"Oh remember, remember . . . I urge you to find ways to recognize and remember God's kindness."

President Henry B. Eyring

Friday, November 28, 2008

So Thankful!

What a funny Thanksgiving we had this year. So different! I told Ron that this is one we will remember because: tragedy plus time = humor! We didn't have a real tragedy so the day became something to laugh about as it unfolded.

Kids, as you know your Dad is a good sport! All I can say is it's a good thing that Kristi made him such a lovely turkey dinner when he was with her and Julie last month. He kept saying, "It's okay, I had a great turkey meal a few weeks ago!" Thanks, Kristi! And, thanks Jules for the "turkey a-la-king" you made your Dad before he left!

Now, about Thanksgiving: All of our children had dinner at the in-laws this year, so that left Ron and I. I have fed the five-thousand for 36 years (which I love and look forward to many times more) but I decided it was time for a year off, so we planned to go out to dinner and a movie. The movie we wanted to see wasn't there. (We didn't check, we just assumed!) So we saw "The Boy In Stipped Pajamas" which was really well done, but a little sobering and sad for Thanksgiving Day. Okay! So, it was then on to dinner. Except we didn't even think that almost EVERY restaurant in town was closed --- even the fast food! After driving around forever we found one open with a line longer than you could believe. So instead we found a Smith's open, and we figured we'd get something from the deli. Could you believe it was closed? I was grateful though that the workers were home and didn't have to work.

Well, we bought a store brand pizza, brought it home, and baked it (it was the WORST pizza I have eaten in a long time!) I think the taste was even worse than the heartburn it gave me afterward! Then, it was off to a viewing. That's right, a friend of ours died and the family had the viewing on Thanksgiving!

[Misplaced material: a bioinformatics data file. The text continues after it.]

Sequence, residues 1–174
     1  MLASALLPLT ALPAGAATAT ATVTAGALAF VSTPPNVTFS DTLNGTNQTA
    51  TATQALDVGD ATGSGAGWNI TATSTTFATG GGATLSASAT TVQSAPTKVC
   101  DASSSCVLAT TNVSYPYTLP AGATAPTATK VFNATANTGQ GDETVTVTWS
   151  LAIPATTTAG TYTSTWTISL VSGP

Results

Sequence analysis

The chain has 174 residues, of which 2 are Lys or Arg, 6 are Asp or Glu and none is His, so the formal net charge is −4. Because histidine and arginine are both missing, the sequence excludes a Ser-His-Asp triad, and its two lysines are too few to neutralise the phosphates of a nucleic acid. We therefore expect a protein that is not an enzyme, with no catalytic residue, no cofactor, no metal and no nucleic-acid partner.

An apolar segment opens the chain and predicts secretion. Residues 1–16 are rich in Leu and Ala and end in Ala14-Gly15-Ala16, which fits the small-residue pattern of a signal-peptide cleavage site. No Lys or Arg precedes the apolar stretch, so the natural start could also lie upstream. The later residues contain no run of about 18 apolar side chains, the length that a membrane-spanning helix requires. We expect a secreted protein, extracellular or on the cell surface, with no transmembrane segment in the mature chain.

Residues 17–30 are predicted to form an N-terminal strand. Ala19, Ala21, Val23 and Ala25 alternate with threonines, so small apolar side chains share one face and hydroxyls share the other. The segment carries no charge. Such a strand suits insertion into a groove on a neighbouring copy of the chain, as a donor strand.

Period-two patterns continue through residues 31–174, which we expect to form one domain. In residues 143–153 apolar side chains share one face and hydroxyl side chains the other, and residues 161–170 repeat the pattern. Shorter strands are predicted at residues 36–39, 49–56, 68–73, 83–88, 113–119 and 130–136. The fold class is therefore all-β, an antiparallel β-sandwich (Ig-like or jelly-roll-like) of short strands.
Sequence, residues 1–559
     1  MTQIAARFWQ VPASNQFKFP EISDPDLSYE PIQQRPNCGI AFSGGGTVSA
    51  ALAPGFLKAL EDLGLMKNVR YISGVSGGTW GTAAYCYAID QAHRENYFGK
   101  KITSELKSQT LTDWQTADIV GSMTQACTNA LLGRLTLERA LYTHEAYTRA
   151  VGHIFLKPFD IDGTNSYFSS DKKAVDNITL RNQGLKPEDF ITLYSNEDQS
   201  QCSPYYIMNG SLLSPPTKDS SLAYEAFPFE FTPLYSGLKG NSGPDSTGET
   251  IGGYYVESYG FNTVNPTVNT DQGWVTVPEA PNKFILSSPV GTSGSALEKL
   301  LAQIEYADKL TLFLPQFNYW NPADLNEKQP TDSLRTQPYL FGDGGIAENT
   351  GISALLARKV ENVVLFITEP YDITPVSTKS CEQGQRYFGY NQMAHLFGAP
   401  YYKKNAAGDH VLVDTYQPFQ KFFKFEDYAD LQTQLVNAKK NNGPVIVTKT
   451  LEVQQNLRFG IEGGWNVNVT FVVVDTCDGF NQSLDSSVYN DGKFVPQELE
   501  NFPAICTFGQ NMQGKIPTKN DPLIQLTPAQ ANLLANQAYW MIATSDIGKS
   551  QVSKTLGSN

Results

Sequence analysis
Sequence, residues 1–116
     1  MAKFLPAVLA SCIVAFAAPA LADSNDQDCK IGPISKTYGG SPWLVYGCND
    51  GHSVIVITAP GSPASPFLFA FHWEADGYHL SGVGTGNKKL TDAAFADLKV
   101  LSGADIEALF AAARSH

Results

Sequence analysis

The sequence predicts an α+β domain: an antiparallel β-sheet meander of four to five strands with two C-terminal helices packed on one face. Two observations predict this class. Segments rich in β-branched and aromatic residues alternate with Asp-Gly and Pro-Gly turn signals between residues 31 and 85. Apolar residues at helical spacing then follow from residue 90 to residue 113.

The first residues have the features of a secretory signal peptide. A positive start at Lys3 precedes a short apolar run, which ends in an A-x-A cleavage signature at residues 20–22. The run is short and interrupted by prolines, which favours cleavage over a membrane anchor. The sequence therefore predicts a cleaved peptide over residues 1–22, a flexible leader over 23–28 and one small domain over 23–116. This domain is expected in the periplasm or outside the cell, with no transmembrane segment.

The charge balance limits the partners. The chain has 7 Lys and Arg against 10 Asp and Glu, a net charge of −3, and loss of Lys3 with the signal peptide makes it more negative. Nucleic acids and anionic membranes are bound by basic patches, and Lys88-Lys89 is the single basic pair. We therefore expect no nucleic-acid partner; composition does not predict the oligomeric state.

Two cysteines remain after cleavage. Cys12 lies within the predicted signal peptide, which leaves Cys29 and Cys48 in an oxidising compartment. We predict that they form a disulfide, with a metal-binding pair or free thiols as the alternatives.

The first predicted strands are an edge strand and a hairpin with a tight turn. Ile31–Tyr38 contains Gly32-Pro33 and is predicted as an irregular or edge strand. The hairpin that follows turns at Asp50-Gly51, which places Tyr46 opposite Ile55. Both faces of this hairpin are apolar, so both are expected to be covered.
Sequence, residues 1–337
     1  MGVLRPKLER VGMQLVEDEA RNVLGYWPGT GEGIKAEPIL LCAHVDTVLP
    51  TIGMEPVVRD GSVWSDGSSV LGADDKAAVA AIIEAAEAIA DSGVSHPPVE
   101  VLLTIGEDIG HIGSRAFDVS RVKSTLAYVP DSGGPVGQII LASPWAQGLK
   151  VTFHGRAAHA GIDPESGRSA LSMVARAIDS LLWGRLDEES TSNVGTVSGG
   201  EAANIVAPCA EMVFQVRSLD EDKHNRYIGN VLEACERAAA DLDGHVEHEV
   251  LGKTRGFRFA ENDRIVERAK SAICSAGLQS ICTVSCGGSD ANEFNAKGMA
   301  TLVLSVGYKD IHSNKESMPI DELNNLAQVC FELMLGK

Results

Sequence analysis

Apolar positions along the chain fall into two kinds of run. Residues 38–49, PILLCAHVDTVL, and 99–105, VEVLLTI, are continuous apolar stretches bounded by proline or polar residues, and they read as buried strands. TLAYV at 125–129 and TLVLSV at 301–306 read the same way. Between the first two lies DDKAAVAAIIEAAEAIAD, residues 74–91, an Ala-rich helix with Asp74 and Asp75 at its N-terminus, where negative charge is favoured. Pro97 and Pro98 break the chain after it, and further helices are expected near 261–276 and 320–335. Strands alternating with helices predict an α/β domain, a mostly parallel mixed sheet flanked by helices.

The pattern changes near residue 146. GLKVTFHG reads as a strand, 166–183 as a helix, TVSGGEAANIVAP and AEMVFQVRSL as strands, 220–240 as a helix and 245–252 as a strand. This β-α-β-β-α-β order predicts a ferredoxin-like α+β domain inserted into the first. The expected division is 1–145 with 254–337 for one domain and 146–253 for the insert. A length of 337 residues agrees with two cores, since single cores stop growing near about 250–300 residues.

Sometimes you just have to laugh! The evening ended early because we had the temple this morning. We get up at 3:45 a.m. so we try to get a really early night! Before bed we had pumpkin pie (I made some the day before) so the day wasn't a complete loss! Ron really enjoyed his, but after the pizza pie my stomach was rolling a bit. It was a good thing we'd had it earlier for lunch. It was great then.

And I'm still thankful! I'm so thankful that I have my sweetheart to share such a day with! A man who never complains about the food I serve, and can laugh when things don't go as planned! All in all it was a great day!

Tuesday, November 18, 2008

Remote Control

1955: Roylance in the kitchen, "Fraaank . . . will you please turn down that television!"

"Ronald, go turn down the t.v. . . . no, no not the channel! Who threw the pass? Channel son . . . turn the channel back to 5! That's it boy, now turn it up just a little that's it . . . no, no not that way!"

Now you know why your Dad is so phobic about technology. In 1955 he was the technology!

Sunday, November 16, 2008

Hoorah For Zion!